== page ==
Page images
PDF
EPUB
[blocks in formation]
[merged small][merged small][merged small][merged small][merged small][merged small][merged small][merged small][merged small][merged small][merged small][merged small][merged small][merged small][ocr errors][merged small][merged small][merged small][merged small][merged small][merged small][merged small][merged small][merged small][merged small][merged small][merged small][merged small][merged small][merged small][merged small][merged small][merged small][merged small][merged small][merged small][merged small][merged small]

See the bwildinge.

[Page 56 of MS.]

This song is to be found in the Roxburghe Collection of Black-letter Ballads, I. 454, with the title “A well-wishing to a place of pleasure. To an excellent new tune,” and with six more lines in each stanza. We quote it here for contrast sake.

A WELL-WISHING TO A PLACE OF PLEASURE.

To an excellent new Tune.

See the building
Where whilst my mistris lived in

Was pleasures essence,
See how it droopeth
And how nakedly it looketh

Without her presence :
? Every creature
That appertaines to nature

'bout this house living, Doth resemble, If not dissemble,

due praises giving.? Harke, how the hollow Windes do blow

And seem to murmur in every corner, for her long absence : The which doth plainly show The causes why I do now All this grief and sorrow show.

Flora springing
Is erer bringing

Dame Venus ease.2
Oh see the Arbour where that she

with melting kisses

distilling blisses From her true selfe

with joy did ravish me. The pretty nightingale

did sing melodiously.

Haile to those groves
Where I injoyde those loves

so many dayes.
Let the flowers be springing,
And sweet birds ever singing

their Roundelayes, ? Many Cupids measures And cause for true Loves pleasures,

Be dancd around,
Let all contentment
For mirth's presentment

this day be found ? : And may the grass grow ever green

where we two lying

have oft been trying More severall wayes

than beauties lovely Queen When she in bed with Mars

by all the gods was seen.

See the garden
Where I receivde reward in

for my true love : Behold those places Where I receivde those graces

the Gods might move. 2 The Queene of plenty With all the fruits are dainty,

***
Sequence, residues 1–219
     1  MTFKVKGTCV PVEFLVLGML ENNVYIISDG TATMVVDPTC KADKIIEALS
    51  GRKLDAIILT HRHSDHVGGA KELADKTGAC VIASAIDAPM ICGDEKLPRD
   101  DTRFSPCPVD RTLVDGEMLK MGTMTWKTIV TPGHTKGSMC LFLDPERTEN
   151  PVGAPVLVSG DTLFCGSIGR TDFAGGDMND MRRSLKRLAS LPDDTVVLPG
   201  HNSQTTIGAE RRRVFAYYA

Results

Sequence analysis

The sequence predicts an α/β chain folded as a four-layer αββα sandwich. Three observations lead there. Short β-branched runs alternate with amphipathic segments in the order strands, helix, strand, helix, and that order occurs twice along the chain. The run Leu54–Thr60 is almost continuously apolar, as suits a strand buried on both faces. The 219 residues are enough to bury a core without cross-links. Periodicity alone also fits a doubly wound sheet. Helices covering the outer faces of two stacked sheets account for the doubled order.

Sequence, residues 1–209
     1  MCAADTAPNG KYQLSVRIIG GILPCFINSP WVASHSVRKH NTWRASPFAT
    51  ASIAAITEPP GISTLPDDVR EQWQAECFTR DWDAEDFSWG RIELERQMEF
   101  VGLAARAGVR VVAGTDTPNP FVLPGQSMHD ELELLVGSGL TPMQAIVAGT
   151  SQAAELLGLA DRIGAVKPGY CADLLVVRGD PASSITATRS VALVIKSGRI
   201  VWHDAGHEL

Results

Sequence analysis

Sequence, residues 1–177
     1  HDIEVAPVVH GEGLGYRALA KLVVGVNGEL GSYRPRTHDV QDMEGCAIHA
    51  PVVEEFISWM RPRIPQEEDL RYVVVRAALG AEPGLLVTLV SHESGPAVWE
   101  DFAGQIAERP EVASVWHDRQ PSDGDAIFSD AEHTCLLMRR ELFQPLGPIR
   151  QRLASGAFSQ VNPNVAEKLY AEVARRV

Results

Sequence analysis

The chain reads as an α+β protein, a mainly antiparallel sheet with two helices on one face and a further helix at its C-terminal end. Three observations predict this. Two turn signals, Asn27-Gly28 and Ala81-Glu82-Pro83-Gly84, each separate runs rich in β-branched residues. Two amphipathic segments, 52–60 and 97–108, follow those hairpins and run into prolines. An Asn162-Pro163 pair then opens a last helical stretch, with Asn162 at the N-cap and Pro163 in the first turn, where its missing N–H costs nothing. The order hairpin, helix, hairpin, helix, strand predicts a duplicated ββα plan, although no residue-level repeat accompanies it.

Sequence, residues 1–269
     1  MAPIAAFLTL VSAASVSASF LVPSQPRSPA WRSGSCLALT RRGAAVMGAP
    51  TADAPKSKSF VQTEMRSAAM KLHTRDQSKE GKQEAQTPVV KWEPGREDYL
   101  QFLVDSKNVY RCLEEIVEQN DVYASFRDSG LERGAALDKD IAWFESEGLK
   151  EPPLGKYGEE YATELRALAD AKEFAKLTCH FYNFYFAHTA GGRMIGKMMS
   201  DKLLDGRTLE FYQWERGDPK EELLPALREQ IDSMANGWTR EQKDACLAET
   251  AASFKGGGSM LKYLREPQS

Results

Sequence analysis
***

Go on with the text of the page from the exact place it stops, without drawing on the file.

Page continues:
delights to please

| Not inelegant.-P. Note on a separate slip of paper :

“This was once a very popular song, as appears from a parody of it inserted (as a solemn piece of music) in Hemming's

Jew's Tragedy, act 4, 4to, 1662.-N.B. The marginal corrections are made from this Parody.”—P.

3-2 Not in the Percy Folio copy.-F.

Mr. W. Chappell says that the “excellent new tune of this song was adopted for other songs.”

[blocks in formation]

SEE the building which whilest' my Mistress lined in

was pleasures asseince 2 !
see how it droopeth, & how Nakedly it looketh

with-out her presence!
heearke how the hollow winds doe blowe,

& how thé 3 Murmer in every corner
for her being absent, from whence they cheefly grow !
the cause that I doe now this greeffe & sorrow showe.

8

See the garden where we have loved,

12

See the garden where oft I had reward in

for my trew loue !
see the places where I enioyed those graces

they goddes might moue !
oft in this arbour, whiles that shee

with melting kisses disstilling blisses
through my frayle lipps, what Ioy did ravish me!
the pretty Nightingale did sing Melodiouslee.

the arbour where we kissed,

16

and the groves! Blessings on them;

20

Haile to those groves where wee ínioyed our loues

soe many daies !
May the trees be springing, & the pretty burds be

singing
theire Roundelayes !
Oh !
may
the
grasse

be euer greene
wheron wee, lying, haue oft beene tryinge
More seuerall wayes of pleasure then loues queene,
which once in bedd with Mars by all the godds was

and on the grass where we lay!

24

seene.

lling

[half a page missing. ]

1 where once.-P.
2 With pleasure's essence.-P.

3 they.-P.
* MS. cheesly.--F.

the.-P.

Walking in a Meadow gren.

[Page 93 of MS.]

Perhaps the following may have been suggested by the ballad of “The Two Leicestershire Lovers; to the tune of And yet methinks I love thee," a copy of which is in the Roxburghe Collection, I. 412. The subject of each is two lovers; both poems are in nearly the same metre, and begin with the same line. The difference is in the after-treatment. The “ Two Leicestershire Lovers” begins thus :

Walking in a meadow green

For recreation's sake,
To drive away some sad thoughts

That sorrowful did me make,
I spied two lovely lovers,

Did hear each other's woe,
To 'point a place of meeting

Upon the meadow brow.

This was printed by John Trundle, at the sign of “ The Nobody," in Barbican—the ballad-publisher immortalized by Ben Jonson in his “Every Man in his Humour.” (* Well, if he read this with patience, I'll go and troll ballads for Master John Trundle yonder, the rest of my mortality.”) The printed copy is therefore as old as the manuscript.-W. C.

Walking out,

WALKING in a meadowe greene,

fayre flowers for to gather,
where p[r]imrose rankes did stand on bankes

to welcome comers thither,

4

« PreviousContinue »